At Twenty Five: The Shawshank Redemption

At Twenty Five: The Shawshank Redemption

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Every month, new contributor to the site, TF Parent, will be bring us a look back at a film turning 25 years old that month. For his first review it’s perennial favourite and topper of best-of film lists everywhere, The Shawshank Redemption. - Editor, Jon Cross

Hope springs eternal.

In 1982, Stephen King published a four-novella book entitled Different Seasons. Each of the four stories was tied to a season of the year, and the first story in the book, “Rita Hayworth and Shawshank Redemption,” was tagged with that phrase - hope springs eternal.

We’ve presumably all seen The Shawshank Redemption. The majority of people I’ve spoken to list the film adaptation of King’s novella among their all-time favorites - which, for a 1994 film, was fairly unusual. King adaptations, with the notable exception of Stand By Me (which was also based on a story from Different Seasons), were notoriously poor in comparison to the source material. Even the movies we liked paled in comparison to King’s storytelling.

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Twenty-five years on, we’re seeing a resurgence of King films with another new adaptation announced, seemingly, every few months. The quality has improved in many cases - It, for example, better captures the vibe of the novel than the 1990 TV movie, even if we all miss Tim Curry as Pennywise - but the struggle to capture the genius of King’s books is still evident. Pet Semetery nailed the feeling of dread, but totally fumbled the story, in my humble opinion.

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So, in the middle of this Stephen King renaissance, why is Shawshank still at the top of everyone’s list?

It performed slowly at the box office and took no Oscars but, a quarter century later, it is considered by both critics and average joes alike to be in the upper pantheon of film.

From an objective stance, the movie looks like Oscar-bait - a portrayal of the struggle of the Individual against the establishment, filled with great sound-bite dialogue (“Get busy living or get busy dying,” Andy says softly to Red, with the pursed lips and downcast eyes of a man fighting tears).

Let’s face it - this is a schmaltzy Cool Hand Luke.

But it works. It resonates.

Functionally, I think it’s because Stephen King understands humans better than any writer alive and Frank Darabont understands Stephen King better than other directors.

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Darabont, of course, proved that by following Shawshank up with The Green Mile and The Mist, both of which were stellar films based on stellar King stories. Darabont tackles King material with an eye for the nuances that make King’s stories so amazing. Darabont knows how to capture the characters and let the story happen to them, instead of forcing a story onto characters that the audience doesn’t care about - the failure of many King adaptations.

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As we speak of characters, we need to mention the actors embodying them. Tim Robbins and Morgan Freeman could have easily launched into scene-chweing overacting, which could have launched this into campy territory very quickly but, instead, they both delivered subtle, thoughtful, almost gentle performances. Every actor in the movie did exactly what was needed of them - no scene-stealing, no bravura, but brilliant performances across the board.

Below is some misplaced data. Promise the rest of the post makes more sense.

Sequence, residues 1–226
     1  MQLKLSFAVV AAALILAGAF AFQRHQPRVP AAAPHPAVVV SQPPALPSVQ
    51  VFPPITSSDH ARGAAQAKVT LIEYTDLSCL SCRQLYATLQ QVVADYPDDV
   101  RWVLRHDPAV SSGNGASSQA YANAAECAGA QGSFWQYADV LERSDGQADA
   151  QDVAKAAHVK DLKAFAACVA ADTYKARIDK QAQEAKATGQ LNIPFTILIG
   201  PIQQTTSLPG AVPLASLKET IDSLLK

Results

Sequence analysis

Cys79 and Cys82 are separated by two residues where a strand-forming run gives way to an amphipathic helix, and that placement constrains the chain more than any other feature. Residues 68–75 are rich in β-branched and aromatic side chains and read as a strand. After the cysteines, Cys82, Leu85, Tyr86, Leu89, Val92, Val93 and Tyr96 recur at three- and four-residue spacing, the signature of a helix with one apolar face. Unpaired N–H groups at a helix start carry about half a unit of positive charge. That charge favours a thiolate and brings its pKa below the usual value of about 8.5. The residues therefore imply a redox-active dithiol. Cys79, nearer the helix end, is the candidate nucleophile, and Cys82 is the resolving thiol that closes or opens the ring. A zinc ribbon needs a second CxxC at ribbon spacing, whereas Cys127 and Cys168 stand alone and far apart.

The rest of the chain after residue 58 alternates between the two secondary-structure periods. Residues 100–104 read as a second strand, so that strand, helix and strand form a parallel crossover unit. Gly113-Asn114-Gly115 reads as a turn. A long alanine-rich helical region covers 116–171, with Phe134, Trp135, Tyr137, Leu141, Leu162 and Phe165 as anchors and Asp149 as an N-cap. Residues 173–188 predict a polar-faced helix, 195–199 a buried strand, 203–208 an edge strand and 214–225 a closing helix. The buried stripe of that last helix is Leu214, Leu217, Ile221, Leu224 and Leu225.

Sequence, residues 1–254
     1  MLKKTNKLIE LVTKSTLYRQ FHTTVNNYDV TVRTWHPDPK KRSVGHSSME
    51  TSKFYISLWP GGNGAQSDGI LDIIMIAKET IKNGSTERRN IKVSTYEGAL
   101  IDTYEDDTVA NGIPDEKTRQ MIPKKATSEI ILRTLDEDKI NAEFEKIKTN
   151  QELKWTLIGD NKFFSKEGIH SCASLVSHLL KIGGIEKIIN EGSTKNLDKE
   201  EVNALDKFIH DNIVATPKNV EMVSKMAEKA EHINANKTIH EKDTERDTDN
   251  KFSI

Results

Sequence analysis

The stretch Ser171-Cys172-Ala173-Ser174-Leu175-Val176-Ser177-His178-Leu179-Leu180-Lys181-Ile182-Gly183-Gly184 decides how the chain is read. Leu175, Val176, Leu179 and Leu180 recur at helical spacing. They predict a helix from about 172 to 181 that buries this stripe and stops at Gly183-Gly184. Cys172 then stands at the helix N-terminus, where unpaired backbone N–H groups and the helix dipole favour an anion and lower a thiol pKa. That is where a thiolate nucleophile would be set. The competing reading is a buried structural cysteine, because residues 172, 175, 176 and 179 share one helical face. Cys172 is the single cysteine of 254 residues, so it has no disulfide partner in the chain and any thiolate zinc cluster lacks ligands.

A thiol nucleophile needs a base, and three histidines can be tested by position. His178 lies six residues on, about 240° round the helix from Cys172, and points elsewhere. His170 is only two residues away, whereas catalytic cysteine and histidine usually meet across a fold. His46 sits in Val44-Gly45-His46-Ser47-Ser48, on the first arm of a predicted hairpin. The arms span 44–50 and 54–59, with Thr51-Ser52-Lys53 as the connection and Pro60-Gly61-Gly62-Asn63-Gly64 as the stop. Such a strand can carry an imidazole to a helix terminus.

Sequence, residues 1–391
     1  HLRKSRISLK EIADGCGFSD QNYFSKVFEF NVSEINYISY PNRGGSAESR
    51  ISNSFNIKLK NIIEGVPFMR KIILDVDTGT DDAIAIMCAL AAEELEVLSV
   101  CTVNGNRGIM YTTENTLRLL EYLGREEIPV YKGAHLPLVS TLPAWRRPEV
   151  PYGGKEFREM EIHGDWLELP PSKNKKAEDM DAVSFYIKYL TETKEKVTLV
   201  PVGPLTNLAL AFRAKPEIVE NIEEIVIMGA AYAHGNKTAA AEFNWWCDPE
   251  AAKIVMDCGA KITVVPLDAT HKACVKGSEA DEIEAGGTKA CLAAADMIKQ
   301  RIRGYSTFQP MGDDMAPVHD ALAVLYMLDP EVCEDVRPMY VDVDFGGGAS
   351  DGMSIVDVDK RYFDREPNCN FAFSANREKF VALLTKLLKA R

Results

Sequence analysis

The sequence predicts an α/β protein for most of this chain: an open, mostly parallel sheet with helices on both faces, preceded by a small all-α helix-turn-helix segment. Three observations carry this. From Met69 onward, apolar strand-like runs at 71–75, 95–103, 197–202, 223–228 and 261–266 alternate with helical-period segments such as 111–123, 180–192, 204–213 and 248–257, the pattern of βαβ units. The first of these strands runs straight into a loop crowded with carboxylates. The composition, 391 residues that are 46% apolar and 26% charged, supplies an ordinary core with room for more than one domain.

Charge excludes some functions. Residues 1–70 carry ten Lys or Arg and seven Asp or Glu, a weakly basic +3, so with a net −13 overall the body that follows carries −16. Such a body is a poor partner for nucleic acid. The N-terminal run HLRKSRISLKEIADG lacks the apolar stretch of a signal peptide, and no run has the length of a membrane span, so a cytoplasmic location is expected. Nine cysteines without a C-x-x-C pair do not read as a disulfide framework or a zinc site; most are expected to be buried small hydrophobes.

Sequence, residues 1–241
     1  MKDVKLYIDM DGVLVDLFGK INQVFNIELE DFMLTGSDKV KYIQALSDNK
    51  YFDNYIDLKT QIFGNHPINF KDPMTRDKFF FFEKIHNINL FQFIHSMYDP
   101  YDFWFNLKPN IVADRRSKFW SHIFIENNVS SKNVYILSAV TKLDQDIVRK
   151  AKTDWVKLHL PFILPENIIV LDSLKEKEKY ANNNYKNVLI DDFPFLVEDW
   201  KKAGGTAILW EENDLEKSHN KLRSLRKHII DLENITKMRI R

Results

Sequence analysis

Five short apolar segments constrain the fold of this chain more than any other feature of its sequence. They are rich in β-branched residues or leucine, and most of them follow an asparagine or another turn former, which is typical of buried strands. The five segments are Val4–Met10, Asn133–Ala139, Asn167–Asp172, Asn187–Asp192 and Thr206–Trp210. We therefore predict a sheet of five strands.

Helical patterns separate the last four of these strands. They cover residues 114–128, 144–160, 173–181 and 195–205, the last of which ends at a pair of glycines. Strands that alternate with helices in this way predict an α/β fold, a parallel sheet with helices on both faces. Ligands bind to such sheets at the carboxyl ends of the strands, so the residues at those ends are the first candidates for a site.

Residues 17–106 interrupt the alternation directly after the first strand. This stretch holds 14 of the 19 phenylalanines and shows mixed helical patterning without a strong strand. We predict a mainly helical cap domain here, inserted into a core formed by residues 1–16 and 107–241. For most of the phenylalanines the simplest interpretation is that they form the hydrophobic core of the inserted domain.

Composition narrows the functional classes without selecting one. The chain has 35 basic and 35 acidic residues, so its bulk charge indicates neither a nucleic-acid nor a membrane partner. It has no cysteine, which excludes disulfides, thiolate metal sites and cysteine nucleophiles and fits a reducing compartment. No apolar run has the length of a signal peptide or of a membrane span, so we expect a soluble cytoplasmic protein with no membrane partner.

In a more overarching fashion, this movie is about things we all can relate to - the struggle to succeed without compromising yourself, the struggle to stay relevant in the day-to-day grind of mediocrity, the importance of having some good friends and, of course, Rita Hayworth.

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I’ve always felt part of a lost generation - so lost, in fact, that we don’t even have a generation. We’re too old to be Millennials, and a little too young to be Generation X. We grew up listless, directionless and nihilistic. We didn’t trust teachers, didn’t listen to parents, and didn’t care about what anyone thought. The messages of The Shawshank Redemption by all rights should be lost on us But we’re the ones who have lifted this film to it’s tier in the upper echelons. We seem to be the group that this movie most resonates with. The average 40-year-old, in my personal experience, has a visceral reaction when this movie is even mentioned.

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Hell, the scenes about Brooks and his parole, and the scene of Andy arranging to get beers for all of the crew that worked tarring the roof - I got choked up, and not only am I a miserable, cynical 40-year-old, but I’ve seen this damn movie before. Like Forrest Gump, it gets me every time.

And I think maybe it’s just that - that we are fairly misanthropic, especially here in 2019, where everything seems to be on the brink of disaster. We’re constantly in uncharted territory, and maybe the familiarity, the universality, of the story of Shawshank is comforting. The fact that it was masterfully executed allows us to fully disappear into that ancient story of the Man against the Monolith. It lets us be melancholic with the characters as they cope with the passage of time, heartbroken with them, outraged with them. And it sends us a message that flickers in the deepening dark of our modern times:

Hope springs eternal.

10 / 10. But you knew that already.

Check out our exclusive interviews with William Sadler and Mark Rolston, actors in The Shawshank Redemption.

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